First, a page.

Share all of the concerns of your heart but do not curse him because he is worthy of respect even while you share your depression with him. A few years ago I told you a story that I'd like to tell again of a woman who was interviewed in a television program who told this story. She said I grew up an atheist. I never was in church. I never believed in God.

In fact she said I was angry. If there was a God I was angry with him and then she said my daughter was in a car accident that was so serious it appeared as if my daughter might be in a coma for months if not years and she said in order to handle it I went to the bar and I got a few drinks and I began to drive the car and it was raining outside and she said I pulled off on the side of the road and there in the car I cursed God for a half an hour and she said I was really able to curse in those days and after cursing him she was silent and she said it was as if she heard a voice that said this is the first time you've talked to me and I do love you and as a result of that she began to investigate the New Testament came to saving faith in Jesus Christ. Some of you may be bitter at God if you are I understand that God understands it but I want you to know that rather than being bitter and cursing God wants us to be worshiping and blessing. The Lord gave the Lord has taken away blessed be the name of the Lord. God is going to be with Job as he walks through this trial God is with us as we walk through our trials and at the end of the day we're going to begin to see the hint of God's purposes but for now the sky is dark the purposes of God are mysterious and all that Job can do is wonder what possible sense he can make out of so much pain and heartache but before I close I want to remind you of something those of you who haven't talked to God for a while because you're angry talk to him talk to him because he does love you and let us pray. Father we want to thank you today for this marvelous book we thank you for Job's honesty we thank you that in his deep grief you meet him and yet we pray today for those who find no sense of their intense suffering may they receive hope hope that like you were with Job you'll be with them and for those who are far from you whose hearts are closed today because they are angry father and you know why they are angry oh lord with tender love open their hearts to you today and to the blessed savior whom you sent to us in Jesus name amen. My friend this is Pastor Lutzer I pray that these messages are a special blessing to you I hope that you call your friends and invite them to listen and even if you feel you don't need these lessons right now you certainly know someone who does that's why I've written a book entitled God Why Me now it's a very short book it's very accessible it's readable but I wrote it to encourage people on their life's journey despite the hurt and the unanswered questions that all of us face for a gift of any amount it can be yours here's what you do go to rtwoffer.com or call us at 1-888-218-9337 as I like to emphasize oftentimes God leads us to other people who have deep needs I believe that this book will be an encouragement it will be building faith in the lives of all who read it short accessible readable God Why Me once again let me give you that contact info rtwoffer.com by the way when you're there you can also click on the endurance partner button and find out what endurance partners do or you can call us at 1-888-218-9337 did I say that too quickly 1-888-218-9337 It's time again for another chance for you to ask Pastor Lutzer a question about the Bible or the Christian life when considering marriage how important is age difference a listener named Cynthia asks I have a daughter who is 28 years old madly in love with an older man about 60 who lost his wife to cancer just about a year ago I keep telling her that the age difference here is important my daughter is a Christian and I doubt that this man is even though he's sympathetic to my daughter's faith I have two questions what should I tell her about the age difference and what shall I tell her about preparing for the reality that this might not work out because he's rich and good-looking she's not the only possibility in his life I really do think that your daughter here is in a trance she's living in a bubble of unreality you know sometimes it is said that neurotics build castles in the air and psychotics live in them and perhaps it's the other way around but I don't think that your daughter is facing reality first of all I think I did the math and it's something like 32 years age difference and that'll become even more important as time moves on also the fact that he is nice you say that you're not even sure if he is a Christian and a man like that yes he does have other possibilities the bottom line I suspect that this relationship will not go anywhere and actually it's best that it won't I think that your daughter is best served by preparing her for the fact that it might not work out helping her to realize that there are two barriers that exist toward this marriage his age and his distant relationship to the Christian faith God wants us to be wise in our choices help your daughter to simply see that reality even though it is painful is often much better than living in a dream world when the bubble breaks thank you Dr. Lutzer for those words of counsel if you'd like to hear your question answered go to our website at rtwoffer.com and click on ask pastor Lutzer or call us at 1-888-218-9337 that's 1-888-218-9337 you can write to us at running to win 1635 North LaSalle Boulevard Chicago Illinois 60614 running to win is all about helping you understand God's roadmap for your race of life friends we all need them during life's hard times but sometimes well-meaning friends can do more harm than good next time on running to win we'll meet some men who tried to help a suffering job we'll learn a lot about human nature and its limits in understanding God's purposes don't miss Dr. Lutzer's next message when comfort is discomfort thanks for listening for Dr. Erwin Lutzer this is Dave McAllister running to win is sponsored by the Moody Church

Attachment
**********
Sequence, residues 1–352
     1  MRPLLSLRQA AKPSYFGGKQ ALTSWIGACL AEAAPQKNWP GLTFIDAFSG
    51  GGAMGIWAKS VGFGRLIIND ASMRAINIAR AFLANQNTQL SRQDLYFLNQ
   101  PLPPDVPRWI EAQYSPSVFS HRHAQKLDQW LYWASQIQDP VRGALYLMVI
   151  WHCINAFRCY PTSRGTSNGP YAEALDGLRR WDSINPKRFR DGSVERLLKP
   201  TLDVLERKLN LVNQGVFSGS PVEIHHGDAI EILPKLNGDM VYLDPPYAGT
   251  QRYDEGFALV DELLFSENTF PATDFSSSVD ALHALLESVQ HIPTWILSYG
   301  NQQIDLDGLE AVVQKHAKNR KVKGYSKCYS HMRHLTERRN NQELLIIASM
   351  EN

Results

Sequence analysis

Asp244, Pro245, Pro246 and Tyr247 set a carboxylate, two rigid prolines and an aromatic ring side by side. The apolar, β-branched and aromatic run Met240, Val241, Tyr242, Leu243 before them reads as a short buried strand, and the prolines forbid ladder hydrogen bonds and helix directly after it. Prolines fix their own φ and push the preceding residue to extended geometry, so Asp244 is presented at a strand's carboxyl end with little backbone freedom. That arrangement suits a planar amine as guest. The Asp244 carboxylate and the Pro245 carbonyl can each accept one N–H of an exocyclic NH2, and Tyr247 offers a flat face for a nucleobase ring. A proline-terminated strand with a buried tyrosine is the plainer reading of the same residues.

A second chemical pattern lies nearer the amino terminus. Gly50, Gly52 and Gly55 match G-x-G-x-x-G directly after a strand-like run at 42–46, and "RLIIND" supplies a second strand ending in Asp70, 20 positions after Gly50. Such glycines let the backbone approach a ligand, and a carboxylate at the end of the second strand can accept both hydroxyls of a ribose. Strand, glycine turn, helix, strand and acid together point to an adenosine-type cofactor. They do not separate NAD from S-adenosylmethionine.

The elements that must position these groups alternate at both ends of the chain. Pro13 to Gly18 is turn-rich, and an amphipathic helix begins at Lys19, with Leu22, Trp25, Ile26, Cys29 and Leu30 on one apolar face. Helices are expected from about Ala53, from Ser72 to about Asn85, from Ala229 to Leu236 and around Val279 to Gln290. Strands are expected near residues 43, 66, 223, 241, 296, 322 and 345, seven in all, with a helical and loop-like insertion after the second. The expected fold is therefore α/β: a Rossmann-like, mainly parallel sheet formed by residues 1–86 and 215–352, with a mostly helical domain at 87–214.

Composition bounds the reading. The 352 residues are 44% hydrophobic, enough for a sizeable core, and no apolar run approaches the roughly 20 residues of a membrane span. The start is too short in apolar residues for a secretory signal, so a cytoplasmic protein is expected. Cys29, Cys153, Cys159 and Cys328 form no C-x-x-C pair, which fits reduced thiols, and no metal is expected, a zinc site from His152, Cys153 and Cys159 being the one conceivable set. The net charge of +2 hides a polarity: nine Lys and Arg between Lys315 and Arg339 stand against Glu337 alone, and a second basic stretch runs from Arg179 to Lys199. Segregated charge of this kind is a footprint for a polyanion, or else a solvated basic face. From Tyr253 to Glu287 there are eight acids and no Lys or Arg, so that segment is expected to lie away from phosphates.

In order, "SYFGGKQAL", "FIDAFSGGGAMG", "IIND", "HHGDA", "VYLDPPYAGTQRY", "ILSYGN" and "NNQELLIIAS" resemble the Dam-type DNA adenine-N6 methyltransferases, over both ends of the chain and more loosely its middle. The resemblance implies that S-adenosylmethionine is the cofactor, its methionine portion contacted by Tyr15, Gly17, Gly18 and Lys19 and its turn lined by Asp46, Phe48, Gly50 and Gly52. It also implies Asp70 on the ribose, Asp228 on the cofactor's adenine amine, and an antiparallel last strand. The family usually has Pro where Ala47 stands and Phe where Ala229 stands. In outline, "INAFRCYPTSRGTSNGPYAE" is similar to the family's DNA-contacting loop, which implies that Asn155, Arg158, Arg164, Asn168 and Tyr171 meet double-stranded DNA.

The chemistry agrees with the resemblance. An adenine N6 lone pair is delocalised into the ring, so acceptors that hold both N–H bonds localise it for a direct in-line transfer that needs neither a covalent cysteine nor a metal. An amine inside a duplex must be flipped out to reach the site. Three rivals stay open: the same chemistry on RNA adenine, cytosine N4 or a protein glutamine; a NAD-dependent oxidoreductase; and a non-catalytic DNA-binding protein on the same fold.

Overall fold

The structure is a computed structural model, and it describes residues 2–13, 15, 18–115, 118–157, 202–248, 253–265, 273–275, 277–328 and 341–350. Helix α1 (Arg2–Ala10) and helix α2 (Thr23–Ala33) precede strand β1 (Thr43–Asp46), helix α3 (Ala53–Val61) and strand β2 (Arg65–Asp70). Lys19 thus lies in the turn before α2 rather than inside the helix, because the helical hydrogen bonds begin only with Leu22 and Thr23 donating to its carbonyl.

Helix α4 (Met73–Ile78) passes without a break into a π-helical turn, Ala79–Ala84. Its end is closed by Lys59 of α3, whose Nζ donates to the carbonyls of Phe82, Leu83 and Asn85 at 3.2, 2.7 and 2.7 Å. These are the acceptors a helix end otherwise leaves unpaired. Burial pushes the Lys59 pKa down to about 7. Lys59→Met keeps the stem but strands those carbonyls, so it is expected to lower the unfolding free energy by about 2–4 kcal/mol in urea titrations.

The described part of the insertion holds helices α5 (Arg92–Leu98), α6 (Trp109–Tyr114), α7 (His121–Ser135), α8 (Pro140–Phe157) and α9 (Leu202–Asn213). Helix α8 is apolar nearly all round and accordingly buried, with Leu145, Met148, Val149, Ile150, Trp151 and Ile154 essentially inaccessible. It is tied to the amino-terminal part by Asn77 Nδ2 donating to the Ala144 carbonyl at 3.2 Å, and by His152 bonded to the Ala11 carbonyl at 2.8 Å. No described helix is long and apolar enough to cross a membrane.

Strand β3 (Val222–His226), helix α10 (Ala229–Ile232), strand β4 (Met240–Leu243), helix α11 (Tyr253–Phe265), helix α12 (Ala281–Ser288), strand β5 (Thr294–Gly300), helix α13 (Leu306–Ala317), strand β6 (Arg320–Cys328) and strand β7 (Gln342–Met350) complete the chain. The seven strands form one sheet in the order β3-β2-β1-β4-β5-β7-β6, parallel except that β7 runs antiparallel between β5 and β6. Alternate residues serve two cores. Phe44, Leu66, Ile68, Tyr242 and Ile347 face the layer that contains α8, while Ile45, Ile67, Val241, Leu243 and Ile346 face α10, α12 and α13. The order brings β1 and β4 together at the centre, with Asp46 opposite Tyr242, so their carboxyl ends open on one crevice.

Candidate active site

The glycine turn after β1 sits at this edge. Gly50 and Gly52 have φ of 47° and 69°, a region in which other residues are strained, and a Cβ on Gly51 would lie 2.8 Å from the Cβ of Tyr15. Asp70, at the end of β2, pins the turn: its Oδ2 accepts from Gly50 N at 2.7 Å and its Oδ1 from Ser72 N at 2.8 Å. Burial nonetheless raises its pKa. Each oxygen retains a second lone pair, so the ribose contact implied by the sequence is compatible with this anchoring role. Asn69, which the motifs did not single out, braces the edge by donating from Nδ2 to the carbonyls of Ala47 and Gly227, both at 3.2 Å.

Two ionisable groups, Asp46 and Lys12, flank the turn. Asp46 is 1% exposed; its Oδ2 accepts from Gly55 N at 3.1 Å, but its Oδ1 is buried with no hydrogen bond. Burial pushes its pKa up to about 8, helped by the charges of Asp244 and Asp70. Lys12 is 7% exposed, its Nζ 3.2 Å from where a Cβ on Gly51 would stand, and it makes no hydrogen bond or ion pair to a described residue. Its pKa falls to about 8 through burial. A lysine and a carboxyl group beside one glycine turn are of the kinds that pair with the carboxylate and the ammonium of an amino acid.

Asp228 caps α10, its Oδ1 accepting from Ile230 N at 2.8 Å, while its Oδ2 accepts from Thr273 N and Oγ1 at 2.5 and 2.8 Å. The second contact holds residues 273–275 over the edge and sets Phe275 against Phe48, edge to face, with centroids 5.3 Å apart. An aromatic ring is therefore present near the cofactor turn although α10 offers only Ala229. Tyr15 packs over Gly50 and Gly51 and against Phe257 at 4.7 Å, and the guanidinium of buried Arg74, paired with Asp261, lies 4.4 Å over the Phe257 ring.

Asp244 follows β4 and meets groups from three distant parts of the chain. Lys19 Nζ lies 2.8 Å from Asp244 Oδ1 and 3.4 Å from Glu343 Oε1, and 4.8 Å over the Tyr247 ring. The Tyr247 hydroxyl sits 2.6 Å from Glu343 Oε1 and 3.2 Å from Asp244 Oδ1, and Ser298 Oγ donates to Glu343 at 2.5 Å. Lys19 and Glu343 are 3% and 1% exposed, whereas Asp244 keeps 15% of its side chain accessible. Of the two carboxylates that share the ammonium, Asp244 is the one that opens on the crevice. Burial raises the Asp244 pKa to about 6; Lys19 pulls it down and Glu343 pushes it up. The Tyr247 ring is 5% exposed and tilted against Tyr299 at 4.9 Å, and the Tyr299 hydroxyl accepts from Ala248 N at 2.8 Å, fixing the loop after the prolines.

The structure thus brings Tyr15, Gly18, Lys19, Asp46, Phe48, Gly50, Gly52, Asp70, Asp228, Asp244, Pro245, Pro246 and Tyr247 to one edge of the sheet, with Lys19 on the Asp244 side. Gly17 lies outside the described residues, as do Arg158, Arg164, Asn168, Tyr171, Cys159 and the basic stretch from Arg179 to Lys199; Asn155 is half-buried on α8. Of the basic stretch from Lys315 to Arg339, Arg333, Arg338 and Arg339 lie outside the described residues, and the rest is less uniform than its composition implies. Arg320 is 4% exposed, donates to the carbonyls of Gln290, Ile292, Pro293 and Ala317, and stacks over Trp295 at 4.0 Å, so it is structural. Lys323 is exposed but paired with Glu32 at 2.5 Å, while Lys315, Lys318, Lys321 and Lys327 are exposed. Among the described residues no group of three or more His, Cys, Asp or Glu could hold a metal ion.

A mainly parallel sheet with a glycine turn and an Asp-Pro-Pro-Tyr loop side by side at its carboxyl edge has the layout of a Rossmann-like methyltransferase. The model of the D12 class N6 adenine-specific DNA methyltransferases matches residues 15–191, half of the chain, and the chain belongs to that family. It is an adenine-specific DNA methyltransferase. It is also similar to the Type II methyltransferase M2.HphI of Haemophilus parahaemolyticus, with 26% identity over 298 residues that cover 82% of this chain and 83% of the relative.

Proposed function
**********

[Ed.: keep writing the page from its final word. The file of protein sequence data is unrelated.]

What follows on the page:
Whisper: medium.en / 2022-11-10 00:01:47 / 2022-11-10 00:11:00 / 9